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# BIOINFORMATICS

Vol. 20 no. 2 2004, pages 226–234 DOI: 10.1093/bioinformatics/btg395

**Minimal cut sets in biochemical reaction networks
**

Steffen Klamt∗ and Ernst Dieter Gilles

Downloaded from http://bioinformatics.oxfordjournals.org/ at Universit? Bordeaux . Biblioth?que Mathematiques et Informatique on December 20, 2011

**Max Planck Institute for Dynamics of Complex Technical Systems, Sandtorstr.1, D-39106 Magdeburg, Germany
**

Received on April 28, 2003; revised on July 8, 2003; accepted on July 18, 2003

ABSTRACT Motivation: Structural studies of metabolic networks yield deeper insight into topology, functionality and capabilities of the metabolisms of different organisms. Here, we address the analysis of potential failure modes in metabolic networks whose occurrence will render the network structurally incapable of performing certain functions. Such studies will help to identify crucial parts in the network structure and to ﬁnd suitable targets for repressing undesired metabolic functions. Results: We introduce the concept of minimal cut sets for biochemical networks. A minimal cut set (MCS) is a minimal (irreducible) set of reactions in the network whose inactivation will deﬁnitely lead to a failure in certain network functions. We present an algorithm which enables the computation of the MCSs in a given network related to user-deﬁned objective reactions. This algorithm operates on elementary modes. A number of potential applications are outlined, including network veriﬁcations, phenotype predictions, assessing structural robustness and fragility, metabolic ﬂux analysis and target identiﬁcation in drug discovery. Applications are illustrated by the MCSs in the central metabolism of Escherichia coli for growth on different substrates. Availability: Computation and analysis of MCSs is an additional feature of the FluxAnalyzer (freely available for academic users upon request, special contracts for industrial companies; see web page below). Contact: klamt@mpi-magdeburg.mpg.de Supplementary information: http://www.mpi-magdeburg. mpg.de/projects/ﬂuxanalyzer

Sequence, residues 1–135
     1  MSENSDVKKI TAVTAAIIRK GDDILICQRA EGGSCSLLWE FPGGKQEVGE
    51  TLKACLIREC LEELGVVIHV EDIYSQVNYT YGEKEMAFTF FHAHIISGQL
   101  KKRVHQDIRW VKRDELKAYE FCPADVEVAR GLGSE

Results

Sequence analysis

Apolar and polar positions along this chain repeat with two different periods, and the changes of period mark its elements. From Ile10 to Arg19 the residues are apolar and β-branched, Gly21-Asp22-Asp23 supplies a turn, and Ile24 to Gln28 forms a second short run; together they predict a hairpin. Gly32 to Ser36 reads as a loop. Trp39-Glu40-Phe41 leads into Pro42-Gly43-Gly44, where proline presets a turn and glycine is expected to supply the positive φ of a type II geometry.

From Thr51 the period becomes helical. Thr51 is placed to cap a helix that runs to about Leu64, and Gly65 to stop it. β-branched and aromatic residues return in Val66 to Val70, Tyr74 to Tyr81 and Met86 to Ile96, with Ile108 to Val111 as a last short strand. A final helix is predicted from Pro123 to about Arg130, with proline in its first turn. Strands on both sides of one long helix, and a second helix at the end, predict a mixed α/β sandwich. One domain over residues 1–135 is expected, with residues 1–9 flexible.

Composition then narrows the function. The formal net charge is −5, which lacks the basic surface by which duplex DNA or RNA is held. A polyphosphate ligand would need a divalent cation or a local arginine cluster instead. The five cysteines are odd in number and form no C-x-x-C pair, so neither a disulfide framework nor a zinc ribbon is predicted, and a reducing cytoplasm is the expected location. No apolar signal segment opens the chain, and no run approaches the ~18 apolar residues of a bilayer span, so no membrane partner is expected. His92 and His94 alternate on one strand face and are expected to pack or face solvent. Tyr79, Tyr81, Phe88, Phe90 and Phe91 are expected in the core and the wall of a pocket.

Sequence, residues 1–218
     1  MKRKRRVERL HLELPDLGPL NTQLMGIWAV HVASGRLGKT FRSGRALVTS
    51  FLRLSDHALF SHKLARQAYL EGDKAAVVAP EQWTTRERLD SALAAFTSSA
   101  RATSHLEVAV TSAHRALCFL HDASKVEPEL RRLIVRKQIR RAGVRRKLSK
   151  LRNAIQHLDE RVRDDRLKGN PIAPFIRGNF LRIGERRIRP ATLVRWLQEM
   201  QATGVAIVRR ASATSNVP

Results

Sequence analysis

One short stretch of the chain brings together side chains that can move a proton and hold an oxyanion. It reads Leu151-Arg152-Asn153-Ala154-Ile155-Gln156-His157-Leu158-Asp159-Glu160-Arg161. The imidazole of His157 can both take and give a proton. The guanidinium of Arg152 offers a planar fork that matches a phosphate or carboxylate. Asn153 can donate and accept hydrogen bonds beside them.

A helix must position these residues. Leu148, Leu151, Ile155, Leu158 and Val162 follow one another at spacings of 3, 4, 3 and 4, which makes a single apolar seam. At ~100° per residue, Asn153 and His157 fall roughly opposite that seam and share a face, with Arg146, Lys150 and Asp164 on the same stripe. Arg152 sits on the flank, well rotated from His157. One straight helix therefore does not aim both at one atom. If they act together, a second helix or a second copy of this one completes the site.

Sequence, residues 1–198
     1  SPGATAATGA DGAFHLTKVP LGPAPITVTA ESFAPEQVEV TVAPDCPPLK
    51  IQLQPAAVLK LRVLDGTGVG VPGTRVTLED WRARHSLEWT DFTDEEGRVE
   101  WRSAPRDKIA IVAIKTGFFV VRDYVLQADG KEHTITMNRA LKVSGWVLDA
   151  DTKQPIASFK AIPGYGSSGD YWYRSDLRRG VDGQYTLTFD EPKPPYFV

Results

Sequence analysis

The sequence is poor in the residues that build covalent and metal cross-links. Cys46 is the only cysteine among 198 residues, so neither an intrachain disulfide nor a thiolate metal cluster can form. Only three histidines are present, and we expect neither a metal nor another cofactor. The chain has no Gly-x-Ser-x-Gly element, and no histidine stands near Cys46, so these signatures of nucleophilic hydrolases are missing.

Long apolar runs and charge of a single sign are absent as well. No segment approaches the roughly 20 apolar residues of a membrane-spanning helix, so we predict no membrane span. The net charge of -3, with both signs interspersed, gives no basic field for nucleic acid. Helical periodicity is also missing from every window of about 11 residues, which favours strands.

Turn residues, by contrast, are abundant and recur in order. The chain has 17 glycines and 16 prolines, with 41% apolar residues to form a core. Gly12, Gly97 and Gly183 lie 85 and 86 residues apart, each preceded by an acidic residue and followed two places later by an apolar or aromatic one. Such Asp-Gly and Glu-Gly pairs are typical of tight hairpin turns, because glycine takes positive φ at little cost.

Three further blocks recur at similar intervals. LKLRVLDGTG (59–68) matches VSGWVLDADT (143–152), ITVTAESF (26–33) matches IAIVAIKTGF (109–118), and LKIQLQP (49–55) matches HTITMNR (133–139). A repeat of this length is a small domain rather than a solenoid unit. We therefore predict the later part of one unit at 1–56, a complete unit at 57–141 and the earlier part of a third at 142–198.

INTRODUCTION

Cellular life is characterized by a vast number of direct or indirect interactions of cellular components. Thus, a holistic understanding of cellular processes means understanding the structure, dynamic behavior and regulation of cellular networks. Depending on how the network nodes interact, different types of cellular networks—and abstractions thereof—can be identiﬁed, such as metabolic networks (transport, conversion, synthesis and degradation of material),